This is a booklet celebrating Mayfield's Jubilee:
50 Years of Progress: Mayfield Jubilee Celebrations 1900-1950 Souvenir Booklet
Excerpts from this booklet:
Mayfield Churches. St. Columban's Roman Catholic Church.
Mayfield was made a separate parish in 1924 under the care of Rev. P. C. McCormack. In 1937 he was transferred to Singleton. Associated with him were Ref. Fathers R. O'Moore (1930-31) and J. T. McNamara (1932-33).
The history of the progress of the Catholic Church in what is now known as Mayfield is interesting and extensive, dating back to 1838. In those far off days, Father Christopher Dowling and Father Rene Cusse and their successors, six or seven of whom are on record, administered to the scattered Catholics in this area until 1857 when the Redemptorist Monastery in Woodstock Street was opened and blessed by His Eminence, Cardinal Moran. This was on August 2, 1887. The first Superior of the
Order in Mayfield was Very Rev. Father Vaughan, a near relative of Cardinal Vaughan of Westminster and of Archbishop Vaughan of Sydney.
On April 15, 1917, the Dominican Sisters took up residence in a house bought from Mr. Julian Windeyer at the corner of Kerr and Bull Streets, and opened a school on the following day with 50 children. In 1919 they moved to the present site of San Clemente on the corner of Crebert and Havelock Streets. Adjacent properties were
During his 12 years as parish priest, Father McCormack acquired land and provided buildings for church, schools and presbytery and thus laid the foundations of the present progressive parish of Mayfield.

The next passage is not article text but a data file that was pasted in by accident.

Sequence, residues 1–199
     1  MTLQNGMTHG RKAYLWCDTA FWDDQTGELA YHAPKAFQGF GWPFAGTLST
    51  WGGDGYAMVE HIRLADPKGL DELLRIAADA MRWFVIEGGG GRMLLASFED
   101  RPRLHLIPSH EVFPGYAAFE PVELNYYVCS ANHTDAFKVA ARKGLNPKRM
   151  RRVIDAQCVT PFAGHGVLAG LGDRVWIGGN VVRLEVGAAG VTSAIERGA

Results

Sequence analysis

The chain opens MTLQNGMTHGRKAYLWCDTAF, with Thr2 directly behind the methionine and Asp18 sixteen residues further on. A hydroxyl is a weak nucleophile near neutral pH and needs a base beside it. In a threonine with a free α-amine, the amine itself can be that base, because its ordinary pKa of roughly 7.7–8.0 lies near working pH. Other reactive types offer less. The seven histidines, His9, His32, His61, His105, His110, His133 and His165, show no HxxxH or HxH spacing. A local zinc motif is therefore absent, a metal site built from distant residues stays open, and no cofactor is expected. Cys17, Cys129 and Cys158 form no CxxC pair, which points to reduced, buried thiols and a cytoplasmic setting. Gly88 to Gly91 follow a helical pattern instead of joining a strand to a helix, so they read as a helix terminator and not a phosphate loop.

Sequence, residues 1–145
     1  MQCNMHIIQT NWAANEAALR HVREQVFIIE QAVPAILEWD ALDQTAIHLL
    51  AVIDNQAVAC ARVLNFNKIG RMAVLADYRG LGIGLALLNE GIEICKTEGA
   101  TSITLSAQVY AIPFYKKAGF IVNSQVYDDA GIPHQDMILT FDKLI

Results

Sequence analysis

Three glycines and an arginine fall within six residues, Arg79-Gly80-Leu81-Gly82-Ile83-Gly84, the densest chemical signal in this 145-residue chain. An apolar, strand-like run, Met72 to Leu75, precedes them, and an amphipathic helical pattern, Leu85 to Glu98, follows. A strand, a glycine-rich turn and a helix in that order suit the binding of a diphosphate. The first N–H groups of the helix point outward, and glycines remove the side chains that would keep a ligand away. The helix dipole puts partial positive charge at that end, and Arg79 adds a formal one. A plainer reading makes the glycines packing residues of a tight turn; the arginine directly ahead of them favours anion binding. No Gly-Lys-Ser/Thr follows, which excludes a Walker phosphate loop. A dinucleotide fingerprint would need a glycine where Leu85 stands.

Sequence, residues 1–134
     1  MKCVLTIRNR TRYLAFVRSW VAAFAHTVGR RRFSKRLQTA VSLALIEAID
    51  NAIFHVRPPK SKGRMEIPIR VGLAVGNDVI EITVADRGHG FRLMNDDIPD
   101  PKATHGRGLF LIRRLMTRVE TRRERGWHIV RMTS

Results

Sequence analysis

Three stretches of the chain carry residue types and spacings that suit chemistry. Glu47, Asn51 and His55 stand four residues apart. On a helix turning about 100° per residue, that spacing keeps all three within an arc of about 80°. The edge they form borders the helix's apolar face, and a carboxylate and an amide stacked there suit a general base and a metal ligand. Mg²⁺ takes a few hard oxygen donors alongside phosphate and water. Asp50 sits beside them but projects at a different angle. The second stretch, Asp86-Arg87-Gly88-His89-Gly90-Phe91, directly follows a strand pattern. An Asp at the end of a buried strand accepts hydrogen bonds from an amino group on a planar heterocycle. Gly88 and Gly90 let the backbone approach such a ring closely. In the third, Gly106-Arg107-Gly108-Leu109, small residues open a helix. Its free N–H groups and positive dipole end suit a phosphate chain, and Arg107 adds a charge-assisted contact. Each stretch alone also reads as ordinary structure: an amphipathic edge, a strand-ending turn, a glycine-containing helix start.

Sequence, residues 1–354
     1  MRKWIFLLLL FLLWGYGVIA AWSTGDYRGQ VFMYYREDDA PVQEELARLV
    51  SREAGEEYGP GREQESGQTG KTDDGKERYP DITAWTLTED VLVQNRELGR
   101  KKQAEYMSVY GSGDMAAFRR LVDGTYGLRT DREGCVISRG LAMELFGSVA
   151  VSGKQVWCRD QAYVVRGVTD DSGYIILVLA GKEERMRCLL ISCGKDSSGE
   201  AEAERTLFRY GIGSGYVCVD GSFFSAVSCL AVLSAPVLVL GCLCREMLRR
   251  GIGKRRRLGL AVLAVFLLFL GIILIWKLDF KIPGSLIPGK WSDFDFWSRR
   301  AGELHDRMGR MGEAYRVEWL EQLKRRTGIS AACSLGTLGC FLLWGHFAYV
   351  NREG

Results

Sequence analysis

In 1937, Rev. J. R. McNamara became parish priest. Associated with, him have been Revs. M. O'Dwyer (1937), J. Jensen (1939-40), J. Walsh (1941-45), J. Delany (1946-49) and D. Heffernan (1949). The school church in Hanbury Street was erected in 1937. Two years later the foundation stone of St. Columban's new church, fronting Church Street, was laid. The church has a seating accommodation for 1000 worshippers and is unique in its beauty and design of structure - a building of which all citizens of Mayfield can justly be proud.
The Catholic population of St. Columban's Parish Mayfield, is estimated at 4000. Upwards of 700 children of Mayfield are attending Catholic schools, including 200 at High School up to the Leaving standard.
St. Clement's Convent, corner of Crebert and Havelock Streets.
An index to the size and importance of any civilised community is the extent to which educational facilities are provided and Mayfield's present needs are met by two large public schools, a Roman Catholic convent and school and a kindergarten.
Mayfield East School, at the corner of Ingall and Crebert Streets, dates, from the early days of the suburb. Many prominent citizens of today learned their first lessons at the old Folly School as it used to be called. Today it has its full complement of the children and grandchildren of "the old hands," taught by an efficient staff under the headmastership of Mr. Hill.
More modern, Mayfield West School provides the complete primary educational needs of the children in the far west corner of the suburb. Mr. S. Delves is headmaster.
San Clemente Convent and the Roman Catholic School in Hanbury Street takes care, most efficiently, of the spiritual and educational welfare of the children of that faith.
50 Years of Progress: Mayfield Jubilee Celebrations 1900-1950 Souvenir Booklet.